or see Bryant 2000:
But then, it would be anachronistic to condemn eighteenth-century Indians, who served the British, as collaborators, when the notion of 'democratic' nationalism or of an Indian 'nation' did not then exist. [...] Indians who fought for them, differed from the Europeans in having a primary attachment to a non-belligerent religion, family and local chief, which was stronger than any identity they might have with a more remote prince or 'nation'.

Bibliography

Chakrabarti, Shubra & Patnaik, Utsa (2018). Agrarian and other histories: Essays for Binay Bhushan Chaudhuri. Colombia University Press
Hickel, Jason (2018). How the British stole $45 trillion from India. The Guardian
Bhuyan, Aroonim & Sharma, Krishan (2019). The Great Loot: How the British stole $45 trillion from India. Indiapost
Monbiot, George (2020). English Landowners have stolen our rights. It is time to reclaim them. The Guardian
Tsjeng, Zing (2020). How Britain Stole $45 trillion from India with trains | Empires of Dirt. Vice
Chaudhury, Dipanjan (2019). British looted $45 trillion from India in today’s value: Jaishankar. The Economic Times
Roy, Tirthankar (2019). How British rule changed India's economy: The Paradox of the Raj. Palgrave Macmillan
Patnaik, Utsa (2018). How the British impoverished India. Hindustan Times
Tuovila, Alicia (2019). Expenditure method. Investopedia
Dewey, Clive (2019). Changing the guard: The dissolution of the nationalist–Marxist orthodoxy in the agrarian and agricultural history of India. The Indian Economic & Social History Review
Chandra, Bipan et al. (1989). India's Struggle for Independence, 1857-1947. Penguin Books
Frankema, Ewout & Booth, Anne (2019). Fiscal Capacity and the Colonial State in Asia and Africa, c. 1850-1960. Cambridge University Press
Dalal, Sucheta (2019). IL&FS Controversy: Centre is Paying Up on Sovereign Guarantees to ADB, KfW for Group's Loan. TheWire
Chaudhuri, K.N. (1983). X - Foreign Trade and Balance of Payments (1757–1947). Cambridge University Press
Sunderland, David (2013). Financing the Raj: The City of London and Colonial India, 1858-1940. Boydell Press
Dewey, Clive (1978). Patwari and Chaukidar: Subordinate officials and the reliability of India’s agricultural statistics. Athlone Press
Smith, Lisa (2015). The great Indian calorie debate: Explaining rising undernourishment during India’s rapid economic growth. Food Policy
Duh, Josephine & Spears, Dean (2016). Health and Hunger: Disease, Energy Needs, and the Indian Calorie Consumption Puzzle. The Economic Journal
Vankatesh, P. et al. (2016). Relationship between Food Production and Consumption Diversity in India – Empirical Evidences from Cross Section Analysis. Agricultural Economics Research Review
Gupta, Shaibal (1980). Potential of Industrial Revolution in Pre-British India. Economic and Political Weekly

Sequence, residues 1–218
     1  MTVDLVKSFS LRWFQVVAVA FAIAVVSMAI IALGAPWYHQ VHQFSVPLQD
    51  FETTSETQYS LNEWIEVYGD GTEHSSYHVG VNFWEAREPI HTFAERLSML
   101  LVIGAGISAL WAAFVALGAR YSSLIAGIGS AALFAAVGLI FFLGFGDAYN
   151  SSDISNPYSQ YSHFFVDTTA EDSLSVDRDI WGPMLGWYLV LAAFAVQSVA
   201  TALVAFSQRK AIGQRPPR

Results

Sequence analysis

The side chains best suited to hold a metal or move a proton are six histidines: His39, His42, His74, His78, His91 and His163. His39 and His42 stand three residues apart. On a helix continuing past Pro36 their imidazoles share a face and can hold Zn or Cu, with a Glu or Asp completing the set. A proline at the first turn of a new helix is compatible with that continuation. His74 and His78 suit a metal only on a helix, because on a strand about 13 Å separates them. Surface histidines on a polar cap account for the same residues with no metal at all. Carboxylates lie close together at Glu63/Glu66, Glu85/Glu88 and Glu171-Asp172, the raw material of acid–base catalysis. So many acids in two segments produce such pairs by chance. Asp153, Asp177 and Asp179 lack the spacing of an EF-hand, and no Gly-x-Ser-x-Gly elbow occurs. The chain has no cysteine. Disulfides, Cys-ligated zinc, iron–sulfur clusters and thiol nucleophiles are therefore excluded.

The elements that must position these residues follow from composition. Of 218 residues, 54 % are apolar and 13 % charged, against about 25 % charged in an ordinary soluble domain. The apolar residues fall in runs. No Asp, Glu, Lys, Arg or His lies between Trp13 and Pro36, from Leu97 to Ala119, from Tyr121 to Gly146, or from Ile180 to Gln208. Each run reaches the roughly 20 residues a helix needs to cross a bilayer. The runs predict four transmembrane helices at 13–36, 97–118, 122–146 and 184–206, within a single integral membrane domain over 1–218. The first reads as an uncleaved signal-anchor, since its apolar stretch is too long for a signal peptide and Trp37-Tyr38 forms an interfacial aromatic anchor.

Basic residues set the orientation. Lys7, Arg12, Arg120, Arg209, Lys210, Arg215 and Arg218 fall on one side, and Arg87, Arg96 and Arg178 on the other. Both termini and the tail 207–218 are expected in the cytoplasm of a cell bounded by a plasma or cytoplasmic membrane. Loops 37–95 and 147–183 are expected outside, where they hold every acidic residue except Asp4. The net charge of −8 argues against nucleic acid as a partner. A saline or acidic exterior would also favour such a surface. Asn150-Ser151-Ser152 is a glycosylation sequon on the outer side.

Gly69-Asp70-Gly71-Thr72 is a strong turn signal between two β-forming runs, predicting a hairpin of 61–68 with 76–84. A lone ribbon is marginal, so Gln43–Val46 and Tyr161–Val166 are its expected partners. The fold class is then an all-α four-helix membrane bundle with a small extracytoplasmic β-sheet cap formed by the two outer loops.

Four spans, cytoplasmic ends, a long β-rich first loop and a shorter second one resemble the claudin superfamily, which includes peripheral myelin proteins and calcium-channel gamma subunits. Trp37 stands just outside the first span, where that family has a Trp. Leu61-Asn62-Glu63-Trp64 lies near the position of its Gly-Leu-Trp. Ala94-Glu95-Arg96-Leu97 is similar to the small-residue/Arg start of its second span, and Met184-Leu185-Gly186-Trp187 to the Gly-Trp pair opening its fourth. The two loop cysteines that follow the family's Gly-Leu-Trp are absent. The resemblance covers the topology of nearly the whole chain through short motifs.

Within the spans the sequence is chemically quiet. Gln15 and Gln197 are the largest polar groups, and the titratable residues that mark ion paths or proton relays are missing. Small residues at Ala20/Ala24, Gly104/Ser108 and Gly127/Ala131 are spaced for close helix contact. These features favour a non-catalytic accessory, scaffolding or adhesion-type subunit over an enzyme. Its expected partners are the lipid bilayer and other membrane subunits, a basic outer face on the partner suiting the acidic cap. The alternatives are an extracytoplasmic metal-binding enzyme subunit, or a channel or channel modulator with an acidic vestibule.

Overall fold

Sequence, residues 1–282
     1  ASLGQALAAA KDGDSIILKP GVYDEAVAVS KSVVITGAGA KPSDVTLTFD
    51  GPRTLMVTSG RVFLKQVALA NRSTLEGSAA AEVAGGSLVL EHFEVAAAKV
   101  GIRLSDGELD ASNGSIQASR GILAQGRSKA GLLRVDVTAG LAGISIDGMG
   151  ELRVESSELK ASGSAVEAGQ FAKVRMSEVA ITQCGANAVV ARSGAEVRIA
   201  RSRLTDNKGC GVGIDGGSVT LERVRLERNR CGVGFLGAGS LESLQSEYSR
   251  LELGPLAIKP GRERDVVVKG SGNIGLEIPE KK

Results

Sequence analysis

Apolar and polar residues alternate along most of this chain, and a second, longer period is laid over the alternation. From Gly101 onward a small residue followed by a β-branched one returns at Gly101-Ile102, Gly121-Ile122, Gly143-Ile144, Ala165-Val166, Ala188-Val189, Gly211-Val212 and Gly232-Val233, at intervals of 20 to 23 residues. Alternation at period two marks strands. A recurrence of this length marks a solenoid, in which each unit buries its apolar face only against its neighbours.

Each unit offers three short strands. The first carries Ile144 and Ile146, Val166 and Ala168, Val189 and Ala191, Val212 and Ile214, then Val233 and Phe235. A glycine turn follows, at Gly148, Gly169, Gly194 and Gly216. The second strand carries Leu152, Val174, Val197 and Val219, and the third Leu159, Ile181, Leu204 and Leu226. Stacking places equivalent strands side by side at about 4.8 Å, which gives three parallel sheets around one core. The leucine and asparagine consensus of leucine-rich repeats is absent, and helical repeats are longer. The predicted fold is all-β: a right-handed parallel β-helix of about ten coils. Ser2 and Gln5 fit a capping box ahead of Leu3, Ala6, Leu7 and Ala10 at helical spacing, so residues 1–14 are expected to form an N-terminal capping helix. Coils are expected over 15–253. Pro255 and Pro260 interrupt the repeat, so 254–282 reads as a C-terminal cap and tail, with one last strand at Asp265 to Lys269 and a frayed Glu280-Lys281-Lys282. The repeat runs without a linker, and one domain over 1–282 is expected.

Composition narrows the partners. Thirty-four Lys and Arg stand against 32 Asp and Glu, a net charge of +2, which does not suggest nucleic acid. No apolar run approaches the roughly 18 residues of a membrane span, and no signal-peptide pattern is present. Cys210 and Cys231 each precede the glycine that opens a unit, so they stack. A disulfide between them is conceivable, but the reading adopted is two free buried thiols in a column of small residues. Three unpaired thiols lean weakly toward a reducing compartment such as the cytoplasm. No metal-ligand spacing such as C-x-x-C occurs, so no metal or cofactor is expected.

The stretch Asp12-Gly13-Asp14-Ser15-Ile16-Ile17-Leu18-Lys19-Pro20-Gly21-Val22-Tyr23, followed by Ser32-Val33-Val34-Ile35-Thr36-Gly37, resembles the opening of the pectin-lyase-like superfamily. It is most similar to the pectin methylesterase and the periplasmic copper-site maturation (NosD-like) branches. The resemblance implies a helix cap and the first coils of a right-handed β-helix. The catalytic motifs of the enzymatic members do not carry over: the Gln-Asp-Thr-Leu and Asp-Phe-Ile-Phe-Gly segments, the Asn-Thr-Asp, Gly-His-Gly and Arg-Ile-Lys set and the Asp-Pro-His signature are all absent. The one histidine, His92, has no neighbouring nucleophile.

Raychaudhuri, Tapan (1983). I - The mid-eighteenth-century background. Cambridge University Press
Yasuba, Yasukichi (1986). Standard of Living in Japan Before Industrialization: From what Level did Japan Begin? A Comment. The Journal of Economic History
Tomblinson, B.R. (1985). Writing History Sideways: Lessons for Indian Economic Historians from Meiji Japan. Cambridge University Press
Rajan, M.S. (1969). The Impact of British Rule in India. Journal of Contemporary History
Bryant, G.J. (2000). Indigenous Mercenaries in the Service of European Imperialists: The Case of the Sepoys in the Early British Indian Army, 1750-1800. War in History
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MCS | MCS, Recognized by Famous Media in the World

MCS | MCS, Recognized by Famous Media in the World

https://preview.redd.it/iohxa47wwzs51.jpg?width=1024&format=pjpg&auto=webp&s=3f8ab490479c77d86e5aeabbe16f7ea4a399b1ee
#Be_a_Trader!
Greetings from MCS, the derivatives trading platform where traders ALWAYS come first.

Following the last post on the credible data providers that approved MCS in the cryptocurrency market, this post will look at what global cryptocurrency specialized media channels recognized MCS.

1. Bitcoin.com


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Bitcoin.com is a comprehensive blockchain company founded by a famous blockchain investor and entrepreneur Roger Ver. Bitcoin.com News, a subsidiary of Bitcoin.com, is one of the largest cryptocurrency media companies in the cryptocurrency industry and reports all news on the blockchain and cryptocurrency. .
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2. Coin Readers


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Coin Readers is a blockchain specialized media that analyzes news on various technologies and trends that lead the 4th Industrial Revolution ecosystem through blockchain, and delivers them to the public quickly and accurately.
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3. Bitcoin Insider


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Bitcoin Insider is one of the largest cryptocurrency media that provides cryptocurrency market data and reports related news.
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4. Yahoo Finance


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Yahoo Finance is a media outlet that is part of the US Internet search engine, Yahoo. Yahoo Finance provides global financial quotes, news, and data, and is also known for its pro-blockchain attitude.
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5. Visionary Financial


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Visionary Financial is a global media founded in 2018. It provides the latest news around the world and is known for providing influential information with a focus on blockchain industry analysis.
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6. Finanzen.net


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Finanzen.net is a media channel that provides global financial news, and data such as real-time financial asset prices and cryptocurrency prices to individual traders. It also provides exchange rates and Forex charts.
Meet MCS on Finanzen.net: https://www.finanzen.net/nachricht/aktien/mcs-a-global-cryptocurrency-perpetual-contracts-trading-platform-is-now-officially-launched-as-of-june-15-8976734

7. Digital Journal


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Digital Journal is a global digital media network with contributors from all over the world. Global news is reported, and news articles of Digital Journals are posted on various platforms including its website, Facebook, and Twitter.
Meet MCS on Digital Journal: http://www.digitaljournal.com/p4713330
We have looked at the trusted global cryptocurrency media that introduced MCS. The last post and this post clearly show that the MCS Cryptocurrency Derivatives Trading Platform, a new exchange that has only been launched for only 4 months, has already been recognized for its reliability and technology by numerous reputable institutions.

Traders ALWAYS come first on MCS.
Thank you.

MCS Website: https://mycoinstory.com/
MCS Official Twitter (EN): https://twitter.com/mycoinstory_mcs
MCS Official Facebook: https://www.facebook.com/MyCoinStory.official
MCS Telegram Chat (EN): https://t.me/mycoinstory_EN
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Universal Bypass - Changelog

Universal Bypass

Changelog

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13.0 — The Design Update